Living

Here’s some food for thought about kids and fine dining

When is a restaurant too fancy for kids?
When is a restaurant too fancy for kids? AP

Surely you’ve heard about the North Carolina restaurant that banned children five years old and under from its dining room, fueling a longstanding debate about kids behaving badly and parents who do little to stop such conduct.

The owner of Caruso’s, the upscale Italian eatery, said it was a business decision, not a disliking of kids that prompted the decision.

“I had several customers complain, get up and leave because children were bothering them, and the parents were doing nothing,” Caruso told the Mooresville (N.C.) Tribune. “It started to feel like it wasn’t Caruso’s anymore, that it was a local pizzeria instead.”

As a mother and grandmother, I was initially appalled. I’ve long argued that pockets of society remain decidedly unfriendly to children, even as state governments hand out stroller parking decals and businesses struggle to come up with family leave policies.

Then, the Hubby and I went to dinner with longtime friends. Having raised nine children between us, we’ve survived sass and tantrums aplenty. Which is my way of saying that whining, loud noises and assorted disruptive behaviors don’t normally disturb us. We’ve been there, done that.

But that particular Saturday night at the table behind us, a family with three children seemed oblivious to the diners around them.

The daughter, about 5 years old, shrieked and shouted the entire time we were there. The parents did nothing — nothing! — to stop her. There was no toy pulled out for her entertainment, no attempt to remove her from the premises until she quieted, no admonishments or threats to encourage her to change.

In fact, the parents spoke over their child’s racket while two older brothers fiddled with their screens. My friend, sitting close enough to touch the little girl, turned to exchange looks with the mother, who ignored the cue. Minutes later, another patron asked for the bill and hurriedly left the premises.

“If you’re taking your kids out in public,” my friend complained later, “either you make sure you have them under control or don’t go out with them. The rest of us shouldn’t have to pay for someone’s lack of parenting skills.”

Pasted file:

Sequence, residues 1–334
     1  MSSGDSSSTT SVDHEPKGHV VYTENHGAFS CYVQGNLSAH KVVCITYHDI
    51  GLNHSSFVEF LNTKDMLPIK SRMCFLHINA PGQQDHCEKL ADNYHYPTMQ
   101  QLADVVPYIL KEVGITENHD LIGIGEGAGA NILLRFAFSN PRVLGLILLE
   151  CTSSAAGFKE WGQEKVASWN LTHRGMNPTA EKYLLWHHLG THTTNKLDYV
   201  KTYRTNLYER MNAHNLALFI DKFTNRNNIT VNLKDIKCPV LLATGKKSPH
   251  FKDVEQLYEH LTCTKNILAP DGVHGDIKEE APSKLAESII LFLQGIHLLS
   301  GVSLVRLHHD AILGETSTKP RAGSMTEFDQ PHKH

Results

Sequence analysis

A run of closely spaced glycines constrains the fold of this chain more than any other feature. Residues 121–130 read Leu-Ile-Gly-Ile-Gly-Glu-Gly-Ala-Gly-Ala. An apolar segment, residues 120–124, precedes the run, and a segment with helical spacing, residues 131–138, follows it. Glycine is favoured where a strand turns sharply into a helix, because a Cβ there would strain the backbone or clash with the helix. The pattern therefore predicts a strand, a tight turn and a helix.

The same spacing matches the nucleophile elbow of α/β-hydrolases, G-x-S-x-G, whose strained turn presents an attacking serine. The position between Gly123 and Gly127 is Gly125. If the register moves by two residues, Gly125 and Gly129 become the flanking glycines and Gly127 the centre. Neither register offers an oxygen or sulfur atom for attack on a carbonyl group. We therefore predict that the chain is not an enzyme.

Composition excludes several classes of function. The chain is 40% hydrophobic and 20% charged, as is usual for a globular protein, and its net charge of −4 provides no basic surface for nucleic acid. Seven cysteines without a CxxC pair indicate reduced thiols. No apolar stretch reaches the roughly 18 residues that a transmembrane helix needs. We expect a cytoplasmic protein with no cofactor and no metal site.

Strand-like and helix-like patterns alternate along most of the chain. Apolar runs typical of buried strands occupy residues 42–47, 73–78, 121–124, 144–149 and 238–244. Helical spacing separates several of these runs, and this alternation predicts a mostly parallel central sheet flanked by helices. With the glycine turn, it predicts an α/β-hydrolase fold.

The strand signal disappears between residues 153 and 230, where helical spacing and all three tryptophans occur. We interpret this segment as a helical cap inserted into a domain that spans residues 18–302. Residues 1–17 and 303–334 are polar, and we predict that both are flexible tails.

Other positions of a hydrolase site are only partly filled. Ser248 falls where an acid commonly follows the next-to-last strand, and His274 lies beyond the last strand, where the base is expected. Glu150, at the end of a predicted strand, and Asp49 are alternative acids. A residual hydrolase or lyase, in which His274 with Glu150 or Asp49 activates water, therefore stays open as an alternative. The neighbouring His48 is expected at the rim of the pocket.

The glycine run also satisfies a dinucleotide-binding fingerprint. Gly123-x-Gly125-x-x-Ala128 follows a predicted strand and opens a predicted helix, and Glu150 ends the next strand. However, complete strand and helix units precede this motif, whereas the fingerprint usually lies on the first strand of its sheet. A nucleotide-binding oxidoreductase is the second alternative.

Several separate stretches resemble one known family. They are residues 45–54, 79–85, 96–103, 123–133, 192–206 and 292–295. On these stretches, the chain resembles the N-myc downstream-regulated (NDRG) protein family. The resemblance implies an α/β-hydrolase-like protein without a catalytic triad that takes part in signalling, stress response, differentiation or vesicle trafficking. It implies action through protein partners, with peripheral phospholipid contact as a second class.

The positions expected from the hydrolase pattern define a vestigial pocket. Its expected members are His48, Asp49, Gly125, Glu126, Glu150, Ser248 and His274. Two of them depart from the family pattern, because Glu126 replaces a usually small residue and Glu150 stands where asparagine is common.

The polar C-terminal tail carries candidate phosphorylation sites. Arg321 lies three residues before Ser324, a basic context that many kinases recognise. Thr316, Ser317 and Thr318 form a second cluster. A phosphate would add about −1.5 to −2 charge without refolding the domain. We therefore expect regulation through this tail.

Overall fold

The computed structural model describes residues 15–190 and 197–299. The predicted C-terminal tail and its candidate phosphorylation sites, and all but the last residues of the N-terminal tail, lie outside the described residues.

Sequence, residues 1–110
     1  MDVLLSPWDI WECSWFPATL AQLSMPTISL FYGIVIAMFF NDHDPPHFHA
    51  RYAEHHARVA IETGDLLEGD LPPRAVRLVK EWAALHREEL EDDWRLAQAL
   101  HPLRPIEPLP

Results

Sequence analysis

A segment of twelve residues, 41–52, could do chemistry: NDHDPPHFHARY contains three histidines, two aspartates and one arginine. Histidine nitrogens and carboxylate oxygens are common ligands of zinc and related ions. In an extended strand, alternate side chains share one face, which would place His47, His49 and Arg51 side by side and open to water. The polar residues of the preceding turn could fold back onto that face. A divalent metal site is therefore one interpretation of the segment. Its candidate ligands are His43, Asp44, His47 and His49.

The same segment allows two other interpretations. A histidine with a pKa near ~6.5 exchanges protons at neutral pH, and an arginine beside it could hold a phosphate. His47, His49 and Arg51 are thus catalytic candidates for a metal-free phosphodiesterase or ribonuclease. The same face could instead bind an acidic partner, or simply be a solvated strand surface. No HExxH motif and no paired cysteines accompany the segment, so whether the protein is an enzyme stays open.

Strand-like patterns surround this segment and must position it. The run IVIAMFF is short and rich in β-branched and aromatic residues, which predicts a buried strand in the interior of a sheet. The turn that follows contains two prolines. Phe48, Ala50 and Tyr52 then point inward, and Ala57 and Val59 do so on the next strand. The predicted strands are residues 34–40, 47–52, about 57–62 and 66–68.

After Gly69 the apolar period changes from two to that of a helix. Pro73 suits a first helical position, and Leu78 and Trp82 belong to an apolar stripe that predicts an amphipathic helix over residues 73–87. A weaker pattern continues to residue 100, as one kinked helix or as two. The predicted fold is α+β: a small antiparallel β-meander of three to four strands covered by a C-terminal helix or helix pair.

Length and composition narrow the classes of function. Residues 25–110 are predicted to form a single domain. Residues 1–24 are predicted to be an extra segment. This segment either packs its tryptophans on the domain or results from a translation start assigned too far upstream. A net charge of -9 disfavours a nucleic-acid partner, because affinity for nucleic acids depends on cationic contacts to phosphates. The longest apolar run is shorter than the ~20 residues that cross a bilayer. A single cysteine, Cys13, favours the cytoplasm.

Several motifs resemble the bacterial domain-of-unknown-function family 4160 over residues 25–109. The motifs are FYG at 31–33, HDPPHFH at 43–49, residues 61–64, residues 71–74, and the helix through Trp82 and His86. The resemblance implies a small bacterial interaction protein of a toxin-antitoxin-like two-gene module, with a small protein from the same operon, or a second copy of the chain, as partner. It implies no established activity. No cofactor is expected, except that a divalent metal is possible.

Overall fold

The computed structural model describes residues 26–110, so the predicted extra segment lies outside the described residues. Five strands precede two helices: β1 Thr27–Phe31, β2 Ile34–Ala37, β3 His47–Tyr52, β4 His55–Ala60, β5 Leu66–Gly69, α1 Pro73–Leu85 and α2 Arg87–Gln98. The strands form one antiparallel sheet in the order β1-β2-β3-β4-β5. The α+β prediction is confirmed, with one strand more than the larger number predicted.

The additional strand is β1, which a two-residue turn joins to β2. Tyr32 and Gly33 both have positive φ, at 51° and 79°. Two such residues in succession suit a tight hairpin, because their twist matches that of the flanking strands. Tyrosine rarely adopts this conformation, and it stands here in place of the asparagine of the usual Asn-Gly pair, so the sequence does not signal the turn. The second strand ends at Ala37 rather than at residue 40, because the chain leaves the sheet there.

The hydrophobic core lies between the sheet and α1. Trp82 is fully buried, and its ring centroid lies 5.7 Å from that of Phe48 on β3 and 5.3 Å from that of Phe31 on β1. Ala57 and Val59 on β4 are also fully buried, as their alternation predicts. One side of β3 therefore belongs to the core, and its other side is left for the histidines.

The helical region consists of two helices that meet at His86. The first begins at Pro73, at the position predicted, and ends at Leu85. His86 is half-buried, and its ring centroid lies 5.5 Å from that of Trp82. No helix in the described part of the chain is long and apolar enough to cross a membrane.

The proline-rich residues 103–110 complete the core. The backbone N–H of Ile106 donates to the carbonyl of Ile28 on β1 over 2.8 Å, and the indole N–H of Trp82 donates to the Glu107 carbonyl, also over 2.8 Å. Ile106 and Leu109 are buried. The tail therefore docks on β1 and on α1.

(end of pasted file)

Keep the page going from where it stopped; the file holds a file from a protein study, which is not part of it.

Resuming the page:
Look, I know how difficult children can be, even those who are normally well behaved. My kids threw fits in stores when I refused to buy them what they wanted and their collective raucousness — four boys are a handful, especially when directed by an older sister — invariably kept me on edge when we ventured out. So, yes, I understand the challenges and frustrations, understand, too, how certain segments of society hold unrealistic expectations.

But ... but too often I see parents who allow their children to run wild, parents who refuse to set boundaries, parents who think their child’s antics are funny, parents who are overwhelmed, overworked and desirous of taking a break at the expense of other moviegoers, diners and travelers around them. (Here’s looking at you, the mother who, back in February, allowed her little boy to kick the back of my plane seat for almost three hours, even after I asked the child to stop.)

The North Carolina establishment isn’t the first one, nor the last, to issue a ban on children. Other restaurants don’t allow kids, and there’s a movement in the travel business to adult-only hotels and resorts.

Some industry media have even floated the idea of child-free flights or special airplane seating. Predictably, there has been push back from angry parents who want to enjoy family time unrestricted.

I’m saddened that it should come to this, of course, for some advanced lessons in manners can be taught only in upscale public places. But until parents discipline their children and stick to the rules of indoor voices and public comportment, the well-behaved many will continue to pay for the wayward few.

Ana Veciana-Suarez’s column appears Sunday.

Write to her at The Miami Herald, One Herald Plaza, Miami FL 33132, send email to aveciana@herald.com, or follow her on Twitter @AnaVeciana.

McClatchy News Service

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